While the AR-15 may be America’s favorite rifle, there are certainly other options on the market for shooters looking for something a little different. Among the more unique sporting rifles available is the Austrian Steyr AUG, a rifle introduced in 1977 that has turned heads with its futuristic design and bullpup action.
The AUG, an acronym for Armee Universal Gewehr, or Universal Army Rifle, went into development in the late 1960s and was fielded as the StG 77 in 1977 to replace the StG 58, an FN FAL-licensed battle rifle used by the Austrian Army.
In addition to its sweeping lines and space-age aesthetics, the AUG provided a variety of ergonomic and performance upgrades to users, and became renowned for its reliability, ergonomics and accuracy.
Steyr AUG A1. (Photo courtesy/Guns America)
First, the rifle features a bullpup design, which places the action of the firearm behind the trigger group. This configuration allows for a shorter overall rifle while maintaining barrel length. This setup retains the accuracy of a longer barrel while creating a more maneuverable and lighter firearm. For comparison, the modern AUG A3 M1’s overall length is just 28.15 inches including its 16-inch heavy barrel, which is eight inches shorter than an AR-15 carbine with a barrel of the same length,
The rifle boasts a short-stroke gas piston system, chambered for the 5.56x45 NATO round most U.S. shooters are familiar with due to its association with the AR-15. The AUG runs cleaner than a direct-impingement rifle because all of the operational exhaust gas is vented out of the front of the rifle, not back into the chamber.
Rather than using handguards shrouding the barrel to control the front of the gun, the rifle features an integral vertical foregrip. The first AUG models boasted a built-in telescopic 1.5X sight as the primary sighting equipment, with back-up iron sights built into the top of the housing for emergency use. The telescopic sight was designed to be calibrated for use at 300 meters, or little more than 325 yards.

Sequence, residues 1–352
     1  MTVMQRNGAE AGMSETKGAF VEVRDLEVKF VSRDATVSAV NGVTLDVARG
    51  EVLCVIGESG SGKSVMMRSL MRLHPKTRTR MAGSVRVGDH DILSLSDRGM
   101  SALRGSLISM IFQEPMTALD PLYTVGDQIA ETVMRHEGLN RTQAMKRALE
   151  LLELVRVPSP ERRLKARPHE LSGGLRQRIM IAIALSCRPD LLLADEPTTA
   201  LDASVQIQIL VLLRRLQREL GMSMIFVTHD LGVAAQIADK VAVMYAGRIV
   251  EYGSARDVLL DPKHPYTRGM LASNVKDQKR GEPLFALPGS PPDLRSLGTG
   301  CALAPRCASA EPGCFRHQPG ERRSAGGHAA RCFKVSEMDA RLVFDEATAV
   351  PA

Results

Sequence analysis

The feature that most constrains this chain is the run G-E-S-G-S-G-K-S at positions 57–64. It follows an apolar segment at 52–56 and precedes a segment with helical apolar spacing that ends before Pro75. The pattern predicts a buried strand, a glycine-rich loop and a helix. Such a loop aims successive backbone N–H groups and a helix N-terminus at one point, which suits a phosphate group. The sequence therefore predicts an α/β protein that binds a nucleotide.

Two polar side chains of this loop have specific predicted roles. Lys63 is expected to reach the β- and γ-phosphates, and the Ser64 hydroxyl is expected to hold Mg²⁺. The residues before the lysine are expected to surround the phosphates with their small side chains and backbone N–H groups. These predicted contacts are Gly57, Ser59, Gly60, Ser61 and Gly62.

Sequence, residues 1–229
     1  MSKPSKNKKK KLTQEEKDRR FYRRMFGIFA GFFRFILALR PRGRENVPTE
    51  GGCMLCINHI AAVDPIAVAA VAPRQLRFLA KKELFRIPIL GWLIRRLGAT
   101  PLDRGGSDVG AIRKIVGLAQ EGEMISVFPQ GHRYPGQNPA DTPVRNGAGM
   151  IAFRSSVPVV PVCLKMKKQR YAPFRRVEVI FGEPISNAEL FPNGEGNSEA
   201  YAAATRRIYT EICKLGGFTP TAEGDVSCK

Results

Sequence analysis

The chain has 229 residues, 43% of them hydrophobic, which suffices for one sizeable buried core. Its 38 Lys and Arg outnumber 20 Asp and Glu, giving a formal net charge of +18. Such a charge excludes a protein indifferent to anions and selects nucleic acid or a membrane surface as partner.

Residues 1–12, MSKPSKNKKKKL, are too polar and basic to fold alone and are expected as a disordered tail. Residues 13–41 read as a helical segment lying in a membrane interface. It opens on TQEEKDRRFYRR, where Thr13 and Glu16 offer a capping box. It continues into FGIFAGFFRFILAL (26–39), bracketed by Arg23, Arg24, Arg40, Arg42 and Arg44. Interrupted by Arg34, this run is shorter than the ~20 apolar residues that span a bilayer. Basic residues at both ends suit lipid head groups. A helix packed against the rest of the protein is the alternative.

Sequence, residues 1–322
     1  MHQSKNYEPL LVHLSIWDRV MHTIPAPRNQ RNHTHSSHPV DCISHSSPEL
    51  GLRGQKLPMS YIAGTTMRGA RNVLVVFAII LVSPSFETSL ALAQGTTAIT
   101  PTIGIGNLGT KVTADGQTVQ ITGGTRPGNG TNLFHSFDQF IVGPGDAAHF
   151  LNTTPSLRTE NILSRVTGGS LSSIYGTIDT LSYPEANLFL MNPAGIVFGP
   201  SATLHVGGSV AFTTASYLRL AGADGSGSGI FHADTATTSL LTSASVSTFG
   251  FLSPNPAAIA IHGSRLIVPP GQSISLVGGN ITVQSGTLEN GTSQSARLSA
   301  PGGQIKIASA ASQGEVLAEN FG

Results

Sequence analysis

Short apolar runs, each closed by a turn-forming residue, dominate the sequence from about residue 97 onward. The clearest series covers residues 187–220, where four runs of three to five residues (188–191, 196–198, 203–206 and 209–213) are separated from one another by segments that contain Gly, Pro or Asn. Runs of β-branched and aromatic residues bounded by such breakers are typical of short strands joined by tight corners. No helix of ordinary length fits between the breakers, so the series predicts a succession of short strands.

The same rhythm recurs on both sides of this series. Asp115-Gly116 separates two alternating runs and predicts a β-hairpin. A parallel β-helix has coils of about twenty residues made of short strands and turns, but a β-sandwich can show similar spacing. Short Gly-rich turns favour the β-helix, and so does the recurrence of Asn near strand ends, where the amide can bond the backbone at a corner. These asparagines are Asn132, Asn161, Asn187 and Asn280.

Steyr AUG A3 M1. (Photo courtesy/American Rifleman)
The trigger is housed inside a cutlass-style pistol grip, part of a larger trigger pack contained within the lower assembly. Because of the bullpup setup, the magazine well is behind the trigger as well, built into the stock of the rifle. The firearm feeds from translucent polymer box magazines, with 30 rounds being the standard capacity.
Besides ergonomics and accuracy, the firearm features a revolutionary design that permits simple takedown of the firearm for cleaning and maintenance. Using durable polymers, fiberglass and advanced alloys, the AUG is lighter and stronger than many conventional rifles. The bullpup also uses a modular, quick-change barrel assembly, allowing the use to swiftly remove the barrel and replace it with a different one to fill multiple roles.
The AUG also provides users with ambidextrous operation. Left-handed shooters can replace the standard bolt with a left-ejecting bolt, then switch the ejection port cover to the left side of the rifle.
Steyr AUG A3 field stripped. (Photo courtesy/M4Carbine.net)
The rifle received a major update in 1997 in the AUG A2, when the fixed sighting system was replaced with a Picatinny-style rail and detachable scope, giving much more flexibility in what sights or optics can be used. In 2005, the AUG A3 added four Picatinny-style rails and shed the integrated sight altogether, instead using a railed flat-top for use with any sights, optic or scope.
Today, the AUG is available in a commercial, semi-automatic version for civilian use, and comes in black, green, mud brown and white colors. The standard version uses genuine Steyr AUG magazines, and a NATO version accepts STANAG AR-15 magazines. The company also offers a conversion kit to switch traditional AUGs to use AR-15 magazines.
It may not be for everyone, and with an MSRP north of $2,000, some may seek more affordable rifles, but the Steyr AUG is a firearm built years before its time, as witnessed by the few updates needed since its introduction nearly 40 years ago. As reliable and user-friendly as any semi-automatic rifle can get, the Austrian engineering marvel provides an alternative to the same-old "black rifle" for U.S. gun owners.